From Julie Davis About. BARBARA KITE
My longtime acting teacher, mentor, & friend here taught me what a safe space when I was 15 yrs old. She taught me how to swear like a truck driver when I was taught to be quiet & cute instead of empowered. She taught me to tell the truth about my feelings, how to find them in my body, & dump them or include them. Any lie I told myself (like trying to stuff emotions) could be seen & the character then did, too. So I learned how to let go of, shift, or include them. She taught me to value truth over perfection & intimacy over attention.
I learned there was strength in vulnerability. I learned I had to be myself before I could be any other characters — who were layers of who I & humanity had the capacity to be. She taught me what people are capable of. She helped create a way for me to bring the same truth I learned for speaking characters into singing opera & musical theater.
She helped me connect to the core of humanity & the mysterious never ending wonder of the human spirit with our struggles & triumphs. Progress requires embracing failure! Right now, I’m most grateful for how she included me in the monthly potluck brunches she hosted with women leaders in Portland. We sat around a big table sharing our projects & dreams & supporting each to accomplish them. Those women were how I learned how to raise money to go to Italy for the first time in 2006 by holding an art exhibition and recital. I saw what feminism was about and how women empower each other in healthy ways. As I build my own community now, I think of her often. I miss her, too, but she continues supporting me from afar well beyond acting and singing. With my artwork/life all around, she asks herself what she can do & believes we are all here to help or find someone who can.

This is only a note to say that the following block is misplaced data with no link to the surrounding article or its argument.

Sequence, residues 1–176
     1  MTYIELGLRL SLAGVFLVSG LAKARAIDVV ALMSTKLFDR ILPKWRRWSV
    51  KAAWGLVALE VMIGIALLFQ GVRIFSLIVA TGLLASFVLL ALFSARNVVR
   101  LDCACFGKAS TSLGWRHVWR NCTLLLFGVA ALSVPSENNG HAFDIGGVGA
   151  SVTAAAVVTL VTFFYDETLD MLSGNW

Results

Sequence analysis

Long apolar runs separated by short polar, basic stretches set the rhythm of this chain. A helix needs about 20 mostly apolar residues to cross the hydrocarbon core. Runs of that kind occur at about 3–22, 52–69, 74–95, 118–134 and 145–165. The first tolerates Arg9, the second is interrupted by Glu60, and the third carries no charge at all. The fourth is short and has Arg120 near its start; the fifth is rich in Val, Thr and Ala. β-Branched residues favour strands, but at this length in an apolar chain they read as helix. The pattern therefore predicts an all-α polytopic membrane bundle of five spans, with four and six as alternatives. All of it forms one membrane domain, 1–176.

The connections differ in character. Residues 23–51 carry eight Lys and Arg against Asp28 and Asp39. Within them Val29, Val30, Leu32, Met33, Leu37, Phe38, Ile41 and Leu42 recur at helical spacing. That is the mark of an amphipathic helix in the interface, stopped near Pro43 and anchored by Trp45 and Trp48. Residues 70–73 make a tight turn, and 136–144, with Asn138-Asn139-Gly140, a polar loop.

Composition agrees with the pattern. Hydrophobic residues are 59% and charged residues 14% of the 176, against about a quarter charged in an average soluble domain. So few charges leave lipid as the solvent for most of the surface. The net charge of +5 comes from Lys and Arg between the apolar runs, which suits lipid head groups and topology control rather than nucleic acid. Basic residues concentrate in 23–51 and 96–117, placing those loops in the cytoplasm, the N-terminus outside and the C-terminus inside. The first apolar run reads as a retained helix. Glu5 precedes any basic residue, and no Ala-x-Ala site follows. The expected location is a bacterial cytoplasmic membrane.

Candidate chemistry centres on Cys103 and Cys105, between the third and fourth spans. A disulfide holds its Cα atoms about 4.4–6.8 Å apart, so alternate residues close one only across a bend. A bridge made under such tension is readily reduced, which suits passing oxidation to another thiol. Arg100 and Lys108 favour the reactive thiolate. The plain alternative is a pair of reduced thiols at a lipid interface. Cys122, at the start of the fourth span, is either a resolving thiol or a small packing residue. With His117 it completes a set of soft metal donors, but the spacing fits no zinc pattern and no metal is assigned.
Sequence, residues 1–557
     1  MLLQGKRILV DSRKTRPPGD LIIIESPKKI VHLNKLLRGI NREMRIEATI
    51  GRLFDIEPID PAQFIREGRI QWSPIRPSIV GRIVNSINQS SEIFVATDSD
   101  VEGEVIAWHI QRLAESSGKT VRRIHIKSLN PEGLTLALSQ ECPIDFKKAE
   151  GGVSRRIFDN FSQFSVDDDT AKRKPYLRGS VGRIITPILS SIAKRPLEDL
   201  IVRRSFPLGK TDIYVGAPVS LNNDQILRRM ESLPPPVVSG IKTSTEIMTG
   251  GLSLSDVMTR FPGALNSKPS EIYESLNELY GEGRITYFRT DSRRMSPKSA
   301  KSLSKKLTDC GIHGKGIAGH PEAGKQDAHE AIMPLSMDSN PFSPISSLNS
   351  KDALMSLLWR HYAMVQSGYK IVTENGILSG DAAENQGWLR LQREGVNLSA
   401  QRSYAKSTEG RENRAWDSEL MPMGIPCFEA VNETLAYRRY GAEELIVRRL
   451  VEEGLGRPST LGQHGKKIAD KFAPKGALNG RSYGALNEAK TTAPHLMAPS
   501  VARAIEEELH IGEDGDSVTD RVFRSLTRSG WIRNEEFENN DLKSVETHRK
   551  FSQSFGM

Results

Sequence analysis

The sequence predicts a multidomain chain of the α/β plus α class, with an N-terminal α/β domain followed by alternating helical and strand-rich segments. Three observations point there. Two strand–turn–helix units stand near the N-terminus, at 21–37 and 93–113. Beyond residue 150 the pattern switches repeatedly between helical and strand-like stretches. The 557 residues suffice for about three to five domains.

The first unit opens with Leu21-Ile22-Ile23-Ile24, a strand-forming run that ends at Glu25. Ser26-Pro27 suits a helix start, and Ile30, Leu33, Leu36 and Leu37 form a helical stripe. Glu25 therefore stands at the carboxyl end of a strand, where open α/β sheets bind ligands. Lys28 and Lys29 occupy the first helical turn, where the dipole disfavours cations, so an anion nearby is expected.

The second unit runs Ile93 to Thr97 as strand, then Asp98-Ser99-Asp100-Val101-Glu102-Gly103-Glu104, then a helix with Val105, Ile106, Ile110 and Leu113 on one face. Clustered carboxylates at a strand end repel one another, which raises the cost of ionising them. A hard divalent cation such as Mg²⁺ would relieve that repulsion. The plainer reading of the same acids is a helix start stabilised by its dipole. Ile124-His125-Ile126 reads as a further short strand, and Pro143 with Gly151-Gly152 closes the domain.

She taught me to fight for what’s right. She further influenced that by having her/our teen acting class interview holocaust survivors, write, produce, & perform our own play with her direction while giving us ownership in facing what evil meant & what we could do in our lives to stop bigotry & prevent genocide by amplifying the legacies of those who died. Her mother’s horror of being in a concentration camp inspired it. Needless to say, I treasure her. 21 yrs & counting